Why Every Company Needs a Business Plan

Just as with many things in life, a good plan helps keep things on course. That’s the point of a business plan. Employees, investors, and owners all need to know why they are involved with your company and where their future is heading with it. There are a few reasons why every company needs a business plan. Let’s look at what those are.

Direction and Goals

For a company to thrive and grow, clear direction and well-defined goals are necessary. Why did you start the company? Why do you believe in it? What’s the ultimate goal, and how will you get there? These are questions to answer in the business plan.

The Investors

The business plan is for the owner, so they know their why and how. However, it’s just as much for those considering investing their own money into a company created by the owner. When seeking investors, they have a right to know—and really, must know—where this company is headed and exactly how you’ll all get there.

Don’t head into a meeting with investors and expect to make a deal when there is no plan in place. Be prepared with a business plan.

The Employees

Motivation for employees stems from believing in who they work for and why they trust that it’s the best company for them. Employees are the number one reason why every company needs a business plan. The business plan should be recognized and discussed regularly at meetings for encouragement and motivation.

The Owner

The business plan is created by the owner and for the owner, even though it is of course needed for understanding and direction for all involved. As the owner of a company, how will you get off the ground with no direction? You’ve got to see the big picture and take small steps to get there. Those steps are laid out in the business plan. Ask yourself a few questions when creating the plan, such as:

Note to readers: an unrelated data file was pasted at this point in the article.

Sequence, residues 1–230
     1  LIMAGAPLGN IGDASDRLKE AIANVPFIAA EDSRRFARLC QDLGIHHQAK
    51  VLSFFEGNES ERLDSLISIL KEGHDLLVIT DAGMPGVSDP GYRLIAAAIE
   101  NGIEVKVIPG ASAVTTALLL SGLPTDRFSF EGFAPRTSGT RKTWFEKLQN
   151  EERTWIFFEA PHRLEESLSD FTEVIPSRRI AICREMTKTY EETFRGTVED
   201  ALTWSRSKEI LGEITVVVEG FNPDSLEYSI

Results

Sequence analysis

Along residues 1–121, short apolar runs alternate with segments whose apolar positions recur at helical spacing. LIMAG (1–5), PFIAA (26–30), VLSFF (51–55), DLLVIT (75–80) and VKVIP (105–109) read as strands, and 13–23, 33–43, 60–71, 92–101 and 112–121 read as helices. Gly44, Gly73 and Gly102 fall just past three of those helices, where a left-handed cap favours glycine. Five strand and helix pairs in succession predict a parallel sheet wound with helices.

1. Where will employees work? Is an office necessary? Remote work is extremely common now and is an effective method for happy employees and a productive workforce. But will that type of flexibility work in your industry?
  2. Do you want to grow and expand quickly, and if so, how will you make that happen? Or is your goal to remain small and focused?
  3. Can you begin without investors? If not, make part of the business plan clear for investors so they see why it’s a worthwhile cause.

Brainstorm more questions for yourself and answer each one honestly. Then, you can elaborate and turn each section into your plan. Remember that plans can change and as a business owner, and that it’s essential to go with the flow and admit when a part of the plan no longer works. It probably means things are growing and changing, and that’s a good thing.

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Written by Emma Radebaugh

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